The benefits of investing in diamonds are manyfold. First, they are an extremely compact form of wealth: they are easy to store and transport and require hardly any maintenance costs. As the hardest substance on Earth, diamonds are also extremely resolute. Like other commodity assets, they are inflation-proof but, unlike gold, their value has increased over the last few years on average. Perhaps the most compelling argument for investing in diamonds, though, is the fact that using them does not reduce their worth. They are an investment that can be enjoyed in a way that is not possible with stocks, or even gold bullion.
Opening the vault
Speaking generally, the investment space has become less of a closed shop in recent years, with plenty of websites offering beginner advice and a host of mobile apps allowing traders to speculate while on the move. This too is true in terms of diamonds, which were previously restricted to a small, opaque community of investors.
One of the reasons diamond investment is becoming more popular is the expectation of higher returns. Demand in developing economies, including India and China, is expected to grow, while the US market remains significant. Globally, the demand for rough diamonds is predicted to grow between one and four percent annually through to 2030, while supply is only forecast to increase by zero to one percent across the same period. And, of course, when demand outstrips supply, price increases are sure to follow.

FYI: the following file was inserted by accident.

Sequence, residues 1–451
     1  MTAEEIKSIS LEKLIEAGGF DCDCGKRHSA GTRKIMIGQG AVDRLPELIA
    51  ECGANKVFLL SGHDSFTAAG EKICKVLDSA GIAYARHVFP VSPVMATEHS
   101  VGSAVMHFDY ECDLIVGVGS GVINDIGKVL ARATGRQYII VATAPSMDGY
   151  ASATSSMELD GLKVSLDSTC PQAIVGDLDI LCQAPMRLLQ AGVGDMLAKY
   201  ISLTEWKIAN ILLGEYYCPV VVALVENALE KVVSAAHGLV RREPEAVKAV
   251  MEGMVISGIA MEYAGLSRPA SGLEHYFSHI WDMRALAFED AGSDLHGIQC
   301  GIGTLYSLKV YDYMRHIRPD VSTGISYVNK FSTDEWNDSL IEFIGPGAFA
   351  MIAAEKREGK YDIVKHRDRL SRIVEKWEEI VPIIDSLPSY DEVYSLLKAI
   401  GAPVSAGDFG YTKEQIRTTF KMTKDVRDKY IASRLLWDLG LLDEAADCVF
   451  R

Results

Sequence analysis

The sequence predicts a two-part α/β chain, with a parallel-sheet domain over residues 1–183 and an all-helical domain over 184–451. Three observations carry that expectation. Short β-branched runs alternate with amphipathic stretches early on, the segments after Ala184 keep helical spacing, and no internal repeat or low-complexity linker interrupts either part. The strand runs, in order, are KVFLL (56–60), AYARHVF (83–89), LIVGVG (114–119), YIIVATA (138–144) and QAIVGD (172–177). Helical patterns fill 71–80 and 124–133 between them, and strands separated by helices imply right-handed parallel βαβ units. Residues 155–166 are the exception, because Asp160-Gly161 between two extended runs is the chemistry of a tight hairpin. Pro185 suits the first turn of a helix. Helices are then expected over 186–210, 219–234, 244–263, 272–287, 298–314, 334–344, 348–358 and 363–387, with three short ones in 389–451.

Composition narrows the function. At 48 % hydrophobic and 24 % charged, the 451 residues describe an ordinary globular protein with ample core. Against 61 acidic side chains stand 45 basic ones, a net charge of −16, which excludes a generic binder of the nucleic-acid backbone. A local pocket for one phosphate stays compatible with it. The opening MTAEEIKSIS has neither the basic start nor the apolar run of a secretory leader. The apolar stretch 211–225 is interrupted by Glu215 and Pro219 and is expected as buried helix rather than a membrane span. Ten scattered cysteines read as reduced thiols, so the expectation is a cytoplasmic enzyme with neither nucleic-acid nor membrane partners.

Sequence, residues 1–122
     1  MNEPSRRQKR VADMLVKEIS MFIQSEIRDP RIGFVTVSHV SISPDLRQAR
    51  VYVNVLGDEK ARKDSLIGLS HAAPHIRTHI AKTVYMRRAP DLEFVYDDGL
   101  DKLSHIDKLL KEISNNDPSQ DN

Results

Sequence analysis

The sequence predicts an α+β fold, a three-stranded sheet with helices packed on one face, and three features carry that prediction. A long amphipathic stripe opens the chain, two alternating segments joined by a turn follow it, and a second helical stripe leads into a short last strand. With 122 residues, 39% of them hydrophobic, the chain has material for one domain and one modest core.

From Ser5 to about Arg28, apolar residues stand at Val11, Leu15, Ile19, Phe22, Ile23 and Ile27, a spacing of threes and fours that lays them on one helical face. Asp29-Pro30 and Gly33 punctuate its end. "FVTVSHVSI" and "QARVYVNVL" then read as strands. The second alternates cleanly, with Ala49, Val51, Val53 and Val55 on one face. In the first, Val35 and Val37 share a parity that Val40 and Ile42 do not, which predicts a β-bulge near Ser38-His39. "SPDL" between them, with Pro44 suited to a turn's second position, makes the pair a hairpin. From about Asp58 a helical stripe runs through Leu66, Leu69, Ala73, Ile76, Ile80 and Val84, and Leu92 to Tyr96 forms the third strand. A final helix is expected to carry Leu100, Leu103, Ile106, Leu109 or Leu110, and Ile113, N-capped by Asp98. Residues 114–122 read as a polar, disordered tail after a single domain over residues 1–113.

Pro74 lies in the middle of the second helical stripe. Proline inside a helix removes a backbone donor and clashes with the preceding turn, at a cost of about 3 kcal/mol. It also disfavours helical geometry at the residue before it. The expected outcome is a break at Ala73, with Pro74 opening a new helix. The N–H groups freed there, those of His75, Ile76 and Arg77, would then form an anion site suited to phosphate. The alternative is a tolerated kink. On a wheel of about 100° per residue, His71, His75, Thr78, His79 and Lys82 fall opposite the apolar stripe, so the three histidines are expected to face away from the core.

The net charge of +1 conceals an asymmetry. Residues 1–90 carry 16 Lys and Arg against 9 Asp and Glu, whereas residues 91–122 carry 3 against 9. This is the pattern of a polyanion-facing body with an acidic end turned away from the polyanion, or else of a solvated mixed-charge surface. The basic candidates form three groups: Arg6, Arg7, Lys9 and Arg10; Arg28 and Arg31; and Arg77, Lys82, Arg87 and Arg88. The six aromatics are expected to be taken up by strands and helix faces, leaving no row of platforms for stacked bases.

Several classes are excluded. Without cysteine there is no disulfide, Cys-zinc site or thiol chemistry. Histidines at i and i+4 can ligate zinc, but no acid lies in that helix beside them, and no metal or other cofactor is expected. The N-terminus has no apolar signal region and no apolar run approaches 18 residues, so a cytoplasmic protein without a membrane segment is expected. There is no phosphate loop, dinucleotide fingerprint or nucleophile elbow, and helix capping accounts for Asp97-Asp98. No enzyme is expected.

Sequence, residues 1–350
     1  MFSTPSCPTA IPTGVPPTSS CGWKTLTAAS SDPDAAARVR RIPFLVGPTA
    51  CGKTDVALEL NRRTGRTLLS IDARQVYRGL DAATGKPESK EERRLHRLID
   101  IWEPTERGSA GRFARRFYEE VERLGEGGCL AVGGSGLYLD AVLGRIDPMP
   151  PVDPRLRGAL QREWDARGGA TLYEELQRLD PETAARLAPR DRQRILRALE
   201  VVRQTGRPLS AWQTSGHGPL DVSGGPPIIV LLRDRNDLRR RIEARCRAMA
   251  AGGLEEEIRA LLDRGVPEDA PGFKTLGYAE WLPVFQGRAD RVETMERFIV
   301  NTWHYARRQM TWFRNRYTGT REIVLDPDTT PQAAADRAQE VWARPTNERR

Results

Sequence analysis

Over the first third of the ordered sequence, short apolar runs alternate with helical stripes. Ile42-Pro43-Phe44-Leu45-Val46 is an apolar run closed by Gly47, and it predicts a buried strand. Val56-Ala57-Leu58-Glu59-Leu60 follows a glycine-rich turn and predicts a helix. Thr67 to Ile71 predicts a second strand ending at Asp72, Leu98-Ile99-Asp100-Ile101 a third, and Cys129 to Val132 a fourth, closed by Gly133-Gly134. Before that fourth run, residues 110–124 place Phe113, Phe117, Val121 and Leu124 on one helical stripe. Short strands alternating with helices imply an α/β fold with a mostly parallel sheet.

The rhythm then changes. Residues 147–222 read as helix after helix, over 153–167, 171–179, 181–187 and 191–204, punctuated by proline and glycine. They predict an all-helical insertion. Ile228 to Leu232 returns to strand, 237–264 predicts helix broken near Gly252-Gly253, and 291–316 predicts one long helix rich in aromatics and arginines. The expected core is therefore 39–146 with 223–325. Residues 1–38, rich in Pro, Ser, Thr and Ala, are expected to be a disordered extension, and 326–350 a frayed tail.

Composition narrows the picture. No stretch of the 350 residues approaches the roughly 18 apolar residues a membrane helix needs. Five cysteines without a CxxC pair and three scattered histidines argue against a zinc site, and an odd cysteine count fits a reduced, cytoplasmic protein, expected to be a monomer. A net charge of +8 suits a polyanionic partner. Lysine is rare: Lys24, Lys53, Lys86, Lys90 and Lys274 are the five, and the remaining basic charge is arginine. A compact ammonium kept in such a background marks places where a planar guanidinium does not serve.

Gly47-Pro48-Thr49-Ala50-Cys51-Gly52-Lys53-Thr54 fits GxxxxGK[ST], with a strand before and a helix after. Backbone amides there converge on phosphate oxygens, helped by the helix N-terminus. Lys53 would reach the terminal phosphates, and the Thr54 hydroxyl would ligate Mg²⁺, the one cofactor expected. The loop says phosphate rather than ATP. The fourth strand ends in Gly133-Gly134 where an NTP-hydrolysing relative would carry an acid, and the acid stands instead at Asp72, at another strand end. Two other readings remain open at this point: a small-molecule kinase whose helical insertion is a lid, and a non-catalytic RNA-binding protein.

The rise of diamond investing, however, is not driven by economics alone. The market is opening itself to innovative developments that give investors something different to think about. Late last year, the Singapore Diamond Investment Exchange launched Diamond Bullion, a new, standardised form of the stone that should make trading less subjective.
Diamond Bullion is a collection of investment-grade diamonds stored in portable, credit-card-sized packages and issued in denominations ranging from $100,000 to $200,000. It is tamper-resistant and each package comes with a unique serial number that can be instantly verified using a smartphone app. Not only will this new development help standardise the diamond investment market, it will also bring greater transparency.
Similarly, in April 2018, the Indian Commodity Exchange launched a 30-cents diamond future contract, adding to its existing one-carat and 50-cents contracts. This is another example of the way in which diamonds are increasingly viewed as a viable option for traders. The creation of exchanges that accept diamond investing helps raise awareness of the commodity, bringing it further into the mainstream.
Not a monopoly
Diamond investing is also growing because the market has shown itself to be more robust than initially thought. In recent times there have been a number of scares that threatened to send prices plummeting, only for values to hold firm. There was a perception that Anglo-American firm De Beers continued to dominate the diamond trade, something Marcus claims no longer holds true.